E-Trade Group Inc., the second-largest securities broker on the Internet, has agreed to buy TeleBanc Financial Corp. of Arlington, a fast-growing Internet bank, in a $1.8 billion stock swap that would create the first financial services supermarket that exists only in the electronic realm.

E-Trade, headquartered in Palo Alto, Calif., said that as part of the acquisition it will build a 400,000-square-foot corporate campus in the Washington area, adding 400 new jobs to the region. The exact location hasn't been determined, but it would most likely be in Northern Virginia, company officials said. The facility would replace one originally planned for Austin.

The deal was announced just seven days after TeleBanc chief executive Mitchell H. Caplan, 41, and E-Trade chief executive Christos M. Cotsakos, 50, first hatched the plan over dinner at a sushi restaurant in Palo Alto.

Caplan said he came to the dinner to discuss potential joint promotion; he had "no interest in being acquired." By the end, however, "I realized we would be the absolute, dominant industry leader if we merged," Caplan said. "We realized it's the perfect merger because the corporate culture and vision are so similarly aligned."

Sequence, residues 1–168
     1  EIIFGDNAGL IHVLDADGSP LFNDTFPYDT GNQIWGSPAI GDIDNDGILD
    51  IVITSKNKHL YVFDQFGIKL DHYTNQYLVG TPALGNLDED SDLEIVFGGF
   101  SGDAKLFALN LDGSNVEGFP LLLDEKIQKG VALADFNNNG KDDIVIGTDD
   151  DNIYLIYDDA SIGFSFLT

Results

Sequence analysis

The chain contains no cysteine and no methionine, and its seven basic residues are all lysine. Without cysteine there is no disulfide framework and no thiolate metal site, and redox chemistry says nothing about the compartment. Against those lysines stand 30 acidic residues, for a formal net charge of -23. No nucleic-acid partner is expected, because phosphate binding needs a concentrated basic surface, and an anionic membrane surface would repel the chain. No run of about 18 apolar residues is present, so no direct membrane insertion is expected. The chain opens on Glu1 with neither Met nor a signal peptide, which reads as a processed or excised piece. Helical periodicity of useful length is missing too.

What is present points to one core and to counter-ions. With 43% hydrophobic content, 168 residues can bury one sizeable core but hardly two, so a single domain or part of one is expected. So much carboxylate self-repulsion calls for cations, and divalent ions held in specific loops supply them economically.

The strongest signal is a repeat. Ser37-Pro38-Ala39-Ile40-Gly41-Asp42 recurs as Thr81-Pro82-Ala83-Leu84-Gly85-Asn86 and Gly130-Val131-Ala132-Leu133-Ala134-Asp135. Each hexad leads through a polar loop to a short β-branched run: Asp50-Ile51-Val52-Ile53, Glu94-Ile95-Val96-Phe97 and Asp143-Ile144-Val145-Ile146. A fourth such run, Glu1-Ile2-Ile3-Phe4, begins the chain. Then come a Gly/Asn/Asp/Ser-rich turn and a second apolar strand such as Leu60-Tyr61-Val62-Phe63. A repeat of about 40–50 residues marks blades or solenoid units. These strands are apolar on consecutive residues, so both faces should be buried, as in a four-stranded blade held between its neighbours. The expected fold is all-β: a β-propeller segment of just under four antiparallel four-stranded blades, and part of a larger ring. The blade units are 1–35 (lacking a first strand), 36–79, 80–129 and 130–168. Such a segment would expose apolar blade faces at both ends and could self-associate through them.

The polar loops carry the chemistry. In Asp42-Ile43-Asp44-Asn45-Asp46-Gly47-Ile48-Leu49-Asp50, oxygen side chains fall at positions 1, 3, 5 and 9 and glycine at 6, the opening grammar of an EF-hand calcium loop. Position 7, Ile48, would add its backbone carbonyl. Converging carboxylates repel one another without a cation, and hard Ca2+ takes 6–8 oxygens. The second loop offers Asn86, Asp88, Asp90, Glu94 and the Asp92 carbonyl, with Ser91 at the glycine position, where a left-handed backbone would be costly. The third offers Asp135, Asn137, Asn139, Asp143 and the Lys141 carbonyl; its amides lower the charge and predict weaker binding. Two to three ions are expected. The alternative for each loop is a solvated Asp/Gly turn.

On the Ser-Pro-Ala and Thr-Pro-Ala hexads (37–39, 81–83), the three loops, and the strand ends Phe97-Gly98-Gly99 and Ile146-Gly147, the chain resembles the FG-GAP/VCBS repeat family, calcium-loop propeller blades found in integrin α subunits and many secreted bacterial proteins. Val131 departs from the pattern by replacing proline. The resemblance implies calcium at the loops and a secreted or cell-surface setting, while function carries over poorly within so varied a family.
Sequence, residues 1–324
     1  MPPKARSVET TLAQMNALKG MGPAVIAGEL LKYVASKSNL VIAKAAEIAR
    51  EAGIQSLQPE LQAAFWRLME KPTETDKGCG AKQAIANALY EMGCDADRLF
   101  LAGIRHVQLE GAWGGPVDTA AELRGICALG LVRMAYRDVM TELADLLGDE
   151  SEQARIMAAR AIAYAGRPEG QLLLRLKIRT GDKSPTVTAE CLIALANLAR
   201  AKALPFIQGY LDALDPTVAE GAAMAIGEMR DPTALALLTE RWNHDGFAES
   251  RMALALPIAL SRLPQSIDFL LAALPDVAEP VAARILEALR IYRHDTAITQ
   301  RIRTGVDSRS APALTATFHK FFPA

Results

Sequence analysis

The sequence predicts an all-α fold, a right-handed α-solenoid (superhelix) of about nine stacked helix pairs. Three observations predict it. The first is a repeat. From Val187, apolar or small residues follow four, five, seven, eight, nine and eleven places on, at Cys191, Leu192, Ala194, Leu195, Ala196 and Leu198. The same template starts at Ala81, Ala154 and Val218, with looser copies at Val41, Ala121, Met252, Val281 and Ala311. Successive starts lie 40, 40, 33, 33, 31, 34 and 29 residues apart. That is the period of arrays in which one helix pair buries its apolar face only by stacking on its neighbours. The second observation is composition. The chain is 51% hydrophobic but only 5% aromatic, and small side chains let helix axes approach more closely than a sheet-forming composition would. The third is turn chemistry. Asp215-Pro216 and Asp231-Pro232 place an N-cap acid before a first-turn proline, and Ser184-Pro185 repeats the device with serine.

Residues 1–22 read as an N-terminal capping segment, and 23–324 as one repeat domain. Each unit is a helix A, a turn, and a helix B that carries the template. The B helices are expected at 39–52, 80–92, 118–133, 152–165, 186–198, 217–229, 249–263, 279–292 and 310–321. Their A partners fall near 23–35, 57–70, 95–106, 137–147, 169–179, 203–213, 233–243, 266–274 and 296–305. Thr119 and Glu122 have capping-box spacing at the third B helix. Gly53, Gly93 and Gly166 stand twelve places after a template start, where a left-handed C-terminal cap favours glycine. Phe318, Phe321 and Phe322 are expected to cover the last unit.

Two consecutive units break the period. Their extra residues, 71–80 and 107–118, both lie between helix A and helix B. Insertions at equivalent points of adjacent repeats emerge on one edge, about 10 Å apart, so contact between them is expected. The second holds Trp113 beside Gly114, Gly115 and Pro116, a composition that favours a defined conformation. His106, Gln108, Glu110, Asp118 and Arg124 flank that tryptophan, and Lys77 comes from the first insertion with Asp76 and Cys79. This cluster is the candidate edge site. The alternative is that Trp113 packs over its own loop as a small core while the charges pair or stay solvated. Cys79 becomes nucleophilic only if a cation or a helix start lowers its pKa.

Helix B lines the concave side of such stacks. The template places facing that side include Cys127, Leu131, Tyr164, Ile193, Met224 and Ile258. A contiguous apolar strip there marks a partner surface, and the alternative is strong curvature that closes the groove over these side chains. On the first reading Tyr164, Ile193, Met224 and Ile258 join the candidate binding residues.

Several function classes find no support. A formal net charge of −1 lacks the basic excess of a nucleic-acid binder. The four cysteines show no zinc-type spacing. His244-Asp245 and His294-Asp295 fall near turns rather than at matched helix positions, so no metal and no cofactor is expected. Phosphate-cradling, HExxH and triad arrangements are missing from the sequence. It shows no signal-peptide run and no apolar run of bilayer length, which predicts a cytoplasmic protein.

The merger would bring together two companies that have helped pioneer the sale of financial services over the Internet. It could also spur traditional brick-and-mortar banks and brokerage firms to offers more services over the global computer network.

Merging the two companies would enable a customer to deposit money, get a credit card, take out a mortgage and car loan, and trade stock and bonds at a single Internet site. Longer term, the merger could position E-Trade to become a media company that would offer an array of content, data and shopping over computers, wireless and even set-top television devices.